- Posted September 26, 2019
Are You Financially Prepared for a Disabling Injury?
Traumatic injuries can have a devastating effect on your life. They impair your ability to work, to enjoy leisure activities and in some cases, even to think if the injury is severe enough. If you’re concerned about having enough money should you become disabled due to an accident, then here are some factors you need to consider when you’re planning your finances related to such events.
What Kinds of Injuries Can Be Disabling?
A couple of different types of injuries can bring on disabilities. These include head or back injuries as a result of falling or some sort of crash, like an auto or work-related accident. These types of accidents can cause traumatic brain injuries. Traumatic brain injuries include concussions, skull fractures, brain contusions, and more. These types of injuries interfere with a person’s cognitive functioning and oftentimes, mobility. It’s additionally possible to get injured from overexertion, which pushes the body past its limits. A common example of this is an athlete who trains too hard and who either breaks a bone or even dies due to overworking the body.
Financial Cost of a Disability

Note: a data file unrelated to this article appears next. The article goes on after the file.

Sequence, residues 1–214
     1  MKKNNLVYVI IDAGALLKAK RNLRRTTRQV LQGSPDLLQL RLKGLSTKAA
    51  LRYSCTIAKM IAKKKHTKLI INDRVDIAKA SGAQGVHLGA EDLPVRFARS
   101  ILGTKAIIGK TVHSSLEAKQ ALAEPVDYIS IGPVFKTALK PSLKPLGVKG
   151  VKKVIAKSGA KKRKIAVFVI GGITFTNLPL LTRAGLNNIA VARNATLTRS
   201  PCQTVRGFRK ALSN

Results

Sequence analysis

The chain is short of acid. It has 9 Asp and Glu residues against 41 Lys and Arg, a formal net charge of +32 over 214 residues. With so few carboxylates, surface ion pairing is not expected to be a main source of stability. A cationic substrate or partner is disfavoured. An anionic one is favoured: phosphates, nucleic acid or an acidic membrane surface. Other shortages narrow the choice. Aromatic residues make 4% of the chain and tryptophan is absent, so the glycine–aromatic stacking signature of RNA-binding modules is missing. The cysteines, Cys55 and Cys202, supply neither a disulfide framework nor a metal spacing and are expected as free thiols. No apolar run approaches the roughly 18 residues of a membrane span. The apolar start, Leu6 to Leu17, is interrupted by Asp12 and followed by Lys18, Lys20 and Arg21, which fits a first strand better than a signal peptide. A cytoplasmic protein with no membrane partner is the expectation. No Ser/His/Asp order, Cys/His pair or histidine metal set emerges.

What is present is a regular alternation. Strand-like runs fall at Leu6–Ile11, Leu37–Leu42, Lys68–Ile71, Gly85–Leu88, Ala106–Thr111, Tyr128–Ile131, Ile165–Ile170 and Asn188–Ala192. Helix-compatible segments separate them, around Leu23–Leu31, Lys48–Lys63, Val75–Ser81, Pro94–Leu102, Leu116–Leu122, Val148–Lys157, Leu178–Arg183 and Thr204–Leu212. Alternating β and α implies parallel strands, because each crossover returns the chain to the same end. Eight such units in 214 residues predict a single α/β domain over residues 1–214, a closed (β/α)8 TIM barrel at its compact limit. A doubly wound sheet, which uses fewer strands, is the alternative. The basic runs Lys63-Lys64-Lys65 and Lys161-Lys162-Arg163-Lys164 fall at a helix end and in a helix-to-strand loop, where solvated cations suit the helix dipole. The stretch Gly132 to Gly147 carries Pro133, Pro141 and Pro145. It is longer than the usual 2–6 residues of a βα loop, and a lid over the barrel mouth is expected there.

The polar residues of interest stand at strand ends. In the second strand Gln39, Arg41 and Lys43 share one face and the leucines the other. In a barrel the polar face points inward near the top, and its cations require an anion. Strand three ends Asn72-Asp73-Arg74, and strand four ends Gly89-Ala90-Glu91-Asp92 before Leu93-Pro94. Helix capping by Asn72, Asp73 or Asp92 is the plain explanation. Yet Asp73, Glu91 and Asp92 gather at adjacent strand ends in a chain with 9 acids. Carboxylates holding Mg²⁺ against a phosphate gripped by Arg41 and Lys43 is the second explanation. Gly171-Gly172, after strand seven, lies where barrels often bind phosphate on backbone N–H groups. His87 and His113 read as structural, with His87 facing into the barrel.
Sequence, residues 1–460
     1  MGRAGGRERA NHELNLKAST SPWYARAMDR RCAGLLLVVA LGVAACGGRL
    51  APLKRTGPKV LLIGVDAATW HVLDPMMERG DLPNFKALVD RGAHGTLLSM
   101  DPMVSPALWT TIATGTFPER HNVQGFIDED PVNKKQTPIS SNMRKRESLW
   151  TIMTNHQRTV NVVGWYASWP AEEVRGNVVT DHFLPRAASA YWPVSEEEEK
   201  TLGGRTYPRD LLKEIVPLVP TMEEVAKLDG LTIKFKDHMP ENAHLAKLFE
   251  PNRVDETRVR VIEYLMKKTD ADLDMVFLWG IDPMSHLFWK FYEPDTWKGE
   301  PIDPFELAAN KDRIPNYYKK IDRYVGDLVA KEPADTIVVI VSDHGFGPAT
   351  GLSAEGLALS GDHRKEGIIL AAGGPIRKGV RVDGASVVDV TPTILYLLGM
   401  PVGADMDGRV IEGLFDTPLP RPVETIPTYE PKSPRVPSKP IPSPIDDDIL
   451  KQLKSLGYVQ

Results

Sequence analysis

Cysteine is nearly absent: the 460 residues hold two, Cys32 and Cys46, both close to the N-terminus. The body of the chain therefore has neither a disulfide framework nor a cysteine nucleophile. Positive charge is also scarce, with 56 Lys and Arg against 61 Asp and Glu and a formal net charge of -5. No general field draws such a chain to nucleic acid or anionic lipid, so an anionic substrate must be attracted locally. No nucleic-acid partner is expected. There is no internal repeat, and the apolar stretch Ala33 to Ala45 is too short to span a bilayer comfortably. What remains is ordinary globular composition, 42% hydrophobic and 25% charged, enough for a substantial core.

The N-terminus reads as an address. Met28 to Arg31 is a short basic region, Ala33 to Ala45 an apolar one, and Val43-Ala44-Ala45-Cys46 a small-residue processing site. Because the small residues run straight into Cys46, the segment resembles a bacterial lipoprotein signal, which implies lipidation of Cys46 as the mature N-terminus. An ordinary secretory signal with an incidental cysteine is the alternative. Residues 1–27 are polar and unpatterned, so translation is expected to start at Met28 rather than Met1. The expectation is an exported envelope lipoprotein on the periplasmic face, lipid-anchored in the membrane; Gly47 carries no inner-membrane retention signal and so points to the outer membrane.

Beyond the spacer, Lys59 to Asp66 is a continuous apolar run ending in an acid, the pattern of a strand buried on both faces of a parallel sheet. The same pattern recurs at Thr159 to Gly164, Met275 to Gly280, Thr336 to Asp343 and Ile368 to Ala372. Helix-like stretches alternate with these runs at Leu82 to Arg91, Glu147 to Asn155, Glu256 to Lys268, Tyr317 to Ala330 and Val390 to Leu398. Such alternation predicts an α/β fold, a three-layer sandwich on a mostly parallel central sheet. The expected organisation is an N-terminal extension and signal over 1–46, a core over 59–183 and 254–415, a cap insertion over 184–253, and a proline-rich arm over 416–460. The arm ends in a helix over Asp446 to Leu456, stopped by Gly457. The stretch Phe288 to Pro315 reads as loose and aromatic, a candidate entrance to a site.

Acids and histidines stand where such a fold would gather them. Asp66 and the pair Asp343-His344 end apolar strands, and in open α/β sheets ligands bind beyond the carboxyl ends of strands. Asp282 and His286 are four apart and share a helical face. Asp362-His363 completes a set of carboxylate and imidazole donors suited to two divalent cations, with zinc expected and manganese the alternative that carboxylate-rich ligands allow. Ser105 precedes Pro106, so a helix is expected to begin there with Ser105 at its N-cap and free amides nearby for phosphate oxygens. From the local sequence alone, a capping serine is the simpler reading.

The costs associated with disabling injuries can vary widely, due to the different types of injuries that a person sustains as well as other factors, such as how old the person was when he/ she was injured, current debt ratios and if other persons who might have been injured also. Think of it this way. If, when you were fourteen years old, you dived into a river, hit your head on a rock at the bottom of the river and broke your neck as a result, your injury will cost you more than if you have the same injury when you’re older. This is due to the number of years you’d be on disability.
The younger you are when you’re injured, the more years you have to live on disability, and therefore, the more money you’d need to sustain your life. The standard rule of thumb for injuries is to assume that you’ll need about 60 to 65 percent of your current income if you become injured. This number doesn’t include the costs associated with the medical treatment you may need as a result of your injury, which may cost as much as $600,000 or more if the injury is severe enough.
How to Prepare
When it comes to planning for the possibility of a traumatic injury, your standard household/ retirement budget won’t cover this expense, usually. You’ll need more financial support, and insurance is a good way to prepare. In other words, you need accident insurance. Your need for insurance increases, depending on the number of dependents you have, the amount of debt you carry and other life factors. The best way to determine the amount of insurance you’ll need is to visit with your financial advisor and your insurance agent to come up with the right amount of insurance for your needs.
Traumatic injuries severely impair your ability to work, which is an eventuality that all adults should plan for. Planning for it isn’t negative thinking. It’s smart. In the best-case scenarios, you’ll never need to follow through with your plans for this eventuality. In the worst-case scenario, you are in a traumatic accident with no plan in place for your care. It’s best to be prepared.
If you need help planning your finances, let us know and we can help you!